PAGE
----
Back to our example. We have all the SwissProt data ready but what if we need to take a look at the protein sequences that are stored inside this BLAST database?

That’s the functionality that the blastcmd command provides, and we will start with the most trivial example: dumping out all the sequences contained in the database into a FASTA formatted file.

Dumping all sequences inside of a BLAST database

Move to an empty directory in your instance and enter the following command:

blastdbcmd -db swissprot -entry all -out all_sp.fa

We have made use of the following parameters:

  • -db: The name of the BLAST database that we’re working with
  • -entry: The pattern that we are going to use to look for proteins with matching identifiers, or all for matching all of them
  • -out: The name of the file where the results are going to be written. If we don’t specify this parameter, the results will go to STDOUT (i.e. your console).

After a couple seconds you should find an all_sp.fa file with all the sequences from the specified database stored in FASTA format. You can check that out by running head all_sp.fa and getting back the first few lines, which should look like:

>gi|1043220439|sp|U3KPV4.1|A3LT2_HUMAN ...
>gi|1042851791|sp|Q0G819.2|PP2B_CAEEL ...

This will prove very useful for you, as there are many scenarios where we have access only to the preformatted BLAST files but need to have the raw sequence data as well.

A small tip: If you want to count how many sequences are stored inside all_sp.fa, you can do that with grep -c "^>" all_sp.fa. Recall that the FASTA format specifies that each sequence must be preceded by a header line that always starts with a “>” character; so we use grep to count out (-c) how many lines start with this character ("^>").

Dumping a select set of sequences from a BLAST database

You can make use of the -entry parameter in a different way: to filter out the entries you would like to extract from your database. Instead of writing all you could set up a pattern that will be matched against all the entries and only return the ones that are compliant with it. For instance, this is how you would query the database in order to get the sequence data for the protein named LEC_LUFAC:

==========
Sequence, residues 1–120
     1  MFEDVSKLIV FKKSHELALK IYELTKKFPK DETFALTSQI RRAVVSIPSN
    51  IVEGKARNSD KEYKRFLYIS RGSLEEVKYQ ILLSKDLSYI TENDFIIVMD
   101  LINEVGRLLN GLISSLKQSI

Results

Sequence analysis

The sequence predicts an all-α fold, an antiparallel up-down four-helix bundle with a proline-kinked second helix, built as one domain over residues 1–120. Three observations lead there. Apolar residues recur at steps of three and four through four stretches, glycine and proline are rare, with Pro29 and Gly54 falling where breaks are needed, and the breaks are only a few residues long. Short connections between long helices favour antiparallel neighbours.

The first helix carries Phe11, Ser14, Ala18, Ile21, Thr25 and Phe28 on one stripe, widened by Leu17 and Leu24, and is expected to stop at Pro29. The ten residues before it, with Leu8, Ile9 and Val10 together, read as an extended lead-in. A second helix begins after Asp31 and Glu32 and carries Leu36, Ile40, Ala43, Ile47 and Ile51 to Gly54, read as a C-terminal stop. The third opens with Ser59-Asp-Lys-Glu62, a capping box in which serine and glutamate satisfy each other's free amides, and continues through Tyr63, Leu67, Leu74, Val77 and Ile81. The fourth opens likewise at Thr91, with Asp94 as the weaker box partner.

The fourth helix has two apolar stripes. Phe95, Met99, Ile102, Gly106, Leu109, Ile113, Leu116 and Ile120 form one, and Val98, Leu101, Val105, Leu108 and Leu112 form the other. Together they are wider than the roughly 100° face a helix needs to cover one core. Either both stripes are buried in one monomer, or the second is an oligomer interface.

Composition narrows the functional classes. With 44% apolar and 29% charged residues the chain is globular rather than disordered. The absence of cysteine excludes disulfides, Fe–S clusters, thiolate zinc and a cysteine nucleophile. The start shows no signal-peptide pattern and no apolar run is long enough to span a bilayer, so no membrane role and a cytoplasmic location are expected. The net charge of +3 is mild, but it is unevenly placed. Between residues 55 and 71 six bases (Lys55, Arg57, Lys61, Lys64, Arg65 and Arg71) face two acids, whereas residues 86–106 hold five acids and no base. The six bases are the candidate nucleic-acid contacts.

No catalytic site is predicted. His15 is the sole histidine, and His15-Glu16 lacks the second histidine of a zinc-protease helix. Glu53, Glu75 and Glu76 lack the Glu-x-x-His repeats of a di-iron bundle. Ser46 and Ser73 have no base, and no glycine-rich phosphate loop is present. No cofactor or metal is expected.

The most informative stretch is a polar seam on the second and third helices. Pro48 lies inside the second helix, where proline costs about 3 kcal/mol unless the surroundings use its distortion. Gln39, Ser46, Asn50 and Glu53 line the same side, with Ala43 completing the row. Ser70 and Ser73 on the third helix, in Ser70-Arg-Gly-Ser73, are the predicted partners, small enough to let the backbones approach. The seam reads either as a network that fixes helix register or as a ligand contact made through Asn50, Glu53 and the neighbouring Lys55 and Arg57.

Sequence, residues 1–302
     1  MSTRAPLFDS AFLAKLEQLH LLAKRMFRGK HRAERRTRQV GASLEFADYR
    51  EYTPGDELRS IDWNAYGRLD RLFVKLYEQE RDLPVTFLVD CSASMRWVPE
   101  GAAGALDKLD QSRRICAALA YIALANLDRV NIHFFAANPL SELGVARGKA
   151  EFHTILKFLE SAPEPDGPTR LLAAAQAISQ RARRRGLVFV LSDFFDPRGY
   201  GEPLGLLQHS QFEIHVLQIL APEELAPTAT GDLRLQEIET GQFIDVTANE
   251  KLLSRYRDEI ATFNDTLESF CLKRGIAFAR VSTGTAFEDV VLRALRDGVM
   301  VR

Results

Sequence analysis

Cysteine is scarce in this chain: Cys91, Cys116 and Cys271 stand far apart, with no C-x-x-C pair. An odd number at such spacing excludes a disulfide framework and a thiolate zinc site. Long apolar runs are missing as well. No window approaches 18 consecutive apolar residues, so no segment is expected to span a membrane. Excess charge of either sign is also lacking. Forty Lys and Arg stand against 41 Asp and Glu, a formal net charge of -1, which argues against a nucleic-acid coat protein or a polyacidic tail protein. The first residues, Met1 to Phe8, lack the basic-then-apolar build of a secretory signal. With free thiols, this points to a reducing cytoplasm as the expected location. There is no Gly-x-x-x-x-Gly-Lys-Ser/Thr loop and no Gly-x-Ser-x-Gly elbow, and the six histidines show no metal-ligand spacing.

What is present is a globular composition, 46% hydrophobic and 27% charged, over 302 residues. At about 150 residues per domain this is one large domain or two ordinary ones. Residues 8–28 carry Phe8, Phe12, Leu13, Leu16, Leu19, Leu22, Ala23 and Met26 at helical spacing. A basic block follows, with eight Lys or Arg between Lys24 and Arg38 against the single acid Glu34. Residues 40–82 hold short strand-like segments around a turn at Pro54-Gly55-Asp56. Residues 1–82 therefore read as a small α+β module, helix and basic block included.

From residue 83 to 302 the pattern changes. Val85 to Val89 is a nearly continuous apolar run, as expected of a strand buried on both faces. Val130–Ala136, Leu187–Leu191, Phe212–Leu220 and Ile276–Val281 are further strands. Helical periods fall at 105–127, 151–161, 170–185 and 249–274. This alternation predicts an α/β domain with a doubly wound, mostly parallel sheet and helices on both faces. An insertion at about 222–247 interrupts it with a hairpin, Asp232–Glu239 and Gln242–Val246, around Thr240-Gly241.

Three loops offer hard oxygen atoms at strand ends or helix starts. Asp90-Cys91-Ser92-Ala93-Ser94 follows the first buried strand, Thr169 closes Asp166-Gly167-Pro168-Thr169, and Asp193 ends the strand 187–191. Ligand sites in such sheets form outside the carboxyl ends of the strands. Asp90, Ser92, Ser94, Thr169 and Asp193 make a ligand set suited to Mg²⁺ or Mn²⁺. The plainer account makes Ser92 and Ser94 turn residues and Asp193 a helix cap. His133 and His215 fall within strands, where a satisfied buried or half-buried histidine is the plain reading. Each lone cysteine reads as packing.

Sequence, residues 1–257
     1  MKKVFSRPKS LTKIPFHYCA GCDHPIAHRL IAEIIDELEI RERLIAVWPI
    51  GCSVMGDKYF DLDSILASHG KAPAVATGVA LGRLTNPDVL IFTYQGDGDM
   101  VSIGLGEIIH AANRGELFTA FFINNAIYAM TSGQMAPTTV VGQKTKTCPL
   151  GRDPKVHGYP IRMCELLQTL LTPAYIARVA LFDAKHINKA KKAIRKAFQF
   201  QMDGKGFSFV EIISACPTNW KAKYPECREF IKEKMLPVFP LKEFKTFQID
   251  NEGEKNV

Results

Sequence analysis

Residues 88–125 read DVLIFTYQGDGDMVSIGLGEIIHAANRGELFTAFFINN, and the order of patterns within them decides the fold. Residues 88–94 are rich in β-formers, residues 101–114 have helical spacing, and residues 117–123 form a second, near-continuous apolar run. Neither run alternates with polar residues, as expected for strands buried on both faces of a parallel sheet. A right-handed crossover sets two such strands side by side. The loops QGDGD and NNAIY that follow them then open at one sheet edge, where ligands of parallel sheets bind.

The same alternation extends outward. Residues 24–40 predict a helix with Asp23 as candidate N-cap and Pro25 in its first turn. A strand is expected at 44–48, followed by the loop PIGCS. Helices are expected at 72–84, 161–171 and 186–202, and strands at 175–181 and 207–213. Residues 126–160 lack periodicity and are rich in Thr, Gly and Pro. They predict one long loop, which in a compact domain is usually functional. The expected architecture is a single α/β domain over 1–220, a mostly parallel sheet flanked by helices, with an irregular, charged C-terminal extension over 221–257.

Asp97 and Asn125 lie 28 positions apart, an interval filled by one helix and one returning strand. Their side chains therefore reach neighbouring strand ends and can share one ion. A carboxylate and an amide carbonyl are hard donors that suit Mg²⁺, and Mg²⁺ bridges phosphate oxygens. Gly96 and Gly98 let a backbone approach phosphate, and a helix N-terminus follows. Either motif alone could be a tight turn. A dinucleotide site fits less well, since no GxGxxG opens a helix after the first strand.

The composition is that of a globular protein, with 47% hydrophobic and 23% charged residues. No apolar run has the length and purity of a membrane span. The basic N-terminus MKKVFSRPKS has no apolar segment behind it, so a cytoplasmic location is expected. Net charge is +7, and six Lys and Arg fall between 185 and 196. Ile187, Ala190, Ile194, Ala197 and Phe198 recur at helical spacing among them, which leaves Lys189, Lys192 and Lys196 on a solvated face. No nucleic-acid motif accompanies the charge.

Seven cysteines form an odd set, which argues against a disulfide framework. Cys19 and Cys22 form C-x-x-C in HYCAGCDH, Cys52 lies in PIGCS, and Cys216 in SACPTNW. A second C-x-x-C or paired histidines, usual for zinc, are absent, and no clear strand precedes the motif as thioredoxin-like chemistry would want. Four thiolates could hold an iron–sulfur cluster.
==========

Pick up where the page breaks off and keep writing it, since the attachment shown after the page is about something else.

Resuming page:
blastdbcmd -db swissprot -entry "LEC_LUFAC"

Depending on the FASTA headers available in your database you may have a lot of metadata available for querying any given sequence. Among these, the most commonly used are NCBI sequence IDs (e.g. gi:1042851727), database specific accession numbers (e.g. SwissProt:Q6H647.2) and, as we saw previously, its gene/protein name. You can query as many sequences as you want (at once) by writing them as a list separated by commas and using it as the -entry parameter. Here’s an example:

blastdbcmd -db swissprot -entry "1042851727,Q6H647.2,LEC_LUFAC"

Try it out and you should get back the sequence data for those three proteins.

Let’s say you have a long list of queries that you’re interested in but you don’t want to bother putting all of them in the terminal one by one. Well, there’s a handy parameter called -entry_batch which tells the command to read your queries from a particular file you specify; its only requirement is to have every different query string in a different line on the file. This is really useful for plugging in lists of genes that were generated as part of your workflow or that you can export easily from a spreadsheet or another program.

Go ahead and create a file with the following 10 lines:


Save it with any name you want, we will use query.file for this example. Then let’s invoke blastdbcmd like:

blastdbcmd -db swissprot -entry_batch query.file

And you should get back all sequence data from these ten query strings.

Changing the output format of blastdbcmd

By default, the results that come out of ┬┤blastdbcmd┬┤ are formatted following the guidelines defined by the FASTA format. But you can change this as well, using the -outfmt parameter.

-outfmt is going to fill the results according to a string, which can have any format you want and which is going to be filled according to the format specifiers that you define into it. These specifiers start with an % character and can appear anywhere and as many times as you want inside your format string.